MAIN OUTCOME MEASURES: Exposure status comprising physical, sexual and emotional violence by intimate partner was based on the WHO multi-country questionnaire on violence against women. Depression status was measured using the Composite International Diagnostic Interview. Risk of child death and its association with maternal exposure to violence and/or being depressed was analysed by incidence, rate ratios and interaction.

    RESULTS: The child death in the cohort was 42.1 (95% CI, 32.7 to 53.5) children per 1000 person years, and maternal depression is associated with child death. The risk of child death increases when maternal depression is combined with physical and emotional violence (RR=4.0; 95% CI, 1.6 to 10.1) and (RR=3.7; 95% CI, 1.3 to 10.4), showing a synergistic interaction.

    CONCLUSION: An awareness of the devastating consequences on child survival in low income setting of violence against women and depression is needed among public health workers as well as clinicians, for both community and clinical interventions.

  • 22.
    Forssman, Linda
    et al.
    Tampere Center for Child Health Research, School of Medicine, University of Tampere, Tampere, Finland.
    Ashorn, Per
    Ashorn, Ulla
    Maleta, Kenneth
    Matchado, Andrew
    Kortekangas, Emma
    Leppänen, Jukka M
    Eye-tracking-based assessment of cognitive function in low-resource settings2017In: Archives of Disease in Childhood, ISSN 0003-9888, E-ISSN 1468-2044, Vol. 102, no 4, p. 301-302Article in journal (Refereed)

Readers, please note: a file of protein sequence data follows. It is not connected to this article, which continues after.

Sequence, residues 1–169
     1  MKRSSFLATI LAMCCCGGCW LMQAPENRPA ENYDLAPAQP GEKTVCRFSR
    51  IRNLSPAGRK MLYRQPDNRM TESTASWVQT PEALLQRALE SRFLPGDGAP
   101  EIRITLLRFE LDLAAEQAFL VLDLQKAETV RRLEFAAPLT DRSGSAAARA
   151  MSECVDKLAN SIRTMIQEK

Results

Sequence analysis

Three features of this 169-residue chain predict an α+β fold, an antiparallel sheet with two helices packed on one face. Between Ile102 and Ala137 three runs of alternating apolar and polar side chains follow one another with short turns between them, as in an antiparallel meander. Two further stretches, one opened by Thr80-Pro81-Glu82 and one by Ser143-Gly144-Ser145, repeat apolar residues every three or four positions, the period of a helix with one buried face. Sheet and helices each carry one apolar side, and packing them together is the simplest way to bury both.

Abstract [en]

    Background: Early development of neurocognitive functions in infants can be compromised by poverty, malnutrition and lack of adequate stimulation. Optimal management of neurodevelopmental problems in infants requires assessment tools that can be used early in life, and are objective and applicable across economic, cultural and educational settings.

    Objective and design: The present study examined the feasibility of infrared eye tracking as a novel and highly automated technique for assessing visual-orienting and sequence-learning abilities as well as attention to facial expressions in young (9-month-old) infants. Techniques piloted in a high-resource laboratory setting in Finland (N=39) were subsequently field-tested in a community health centre in rural Malawi (N=40).

    Results: Parents' perception of the acceptability of the method (Finland 95%, Malawi 92%) and percentages of infants completing the whole eye-tracking test (Finland 95%, Malawi 90%) were high, and percentages of valid test trials (Finland 69-85%, Malawi 68-73%) satisfactory at both sites. Test completion rates were slightly higher for eye tracking (90%) than traditional observational tests (87%) in Malawi. The predicted response pattern indicative of specific cognitive function was replicated in Malawi, but Malawian infants exhibited lower response rates and slower processing speed across tasks.

    Conclusions: High test completion rates and the replication of the predicted test patterns in a novel environment in Malawi support the feasibility of eye tracking as a technique for assessing infant development in low-resource setting. Further research is needed to the test-retest stability and predictive validity of the eye-tracking scores in low-income settings.

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  • 23.
    Hansson, Mats G.
    et al.
    Uppsala University, Disciplinary Domain of Medicine and Pharmacy, Faculty of Medicine, Department of Public Health and Caring Sciences, Centre for Research Ethics and Bioethics.
    Gattorno, Marco
    Stjernschantz Forsberg, Joanna
    Uppsala University, Disciplinary Domain of Medicine and Pharmacy, Faculty of Medicine, Department of Public Health and Caring Sciences, Centre for Research Ethics and Bioethics.
    Feltelius, Nils
    Martini, Alberto
    Ruperto, Nicolino
    Ethics bureaucracy: a significant hurdle for collaborative follow-up of drug effectiveness in rare childhood diseases2012In: Archives of Disease in Childhood, ISSN 0003-9888, E-ISSN 1468-2044, Vol. 97, no 6, p. 561-563Article in journal (Refereed)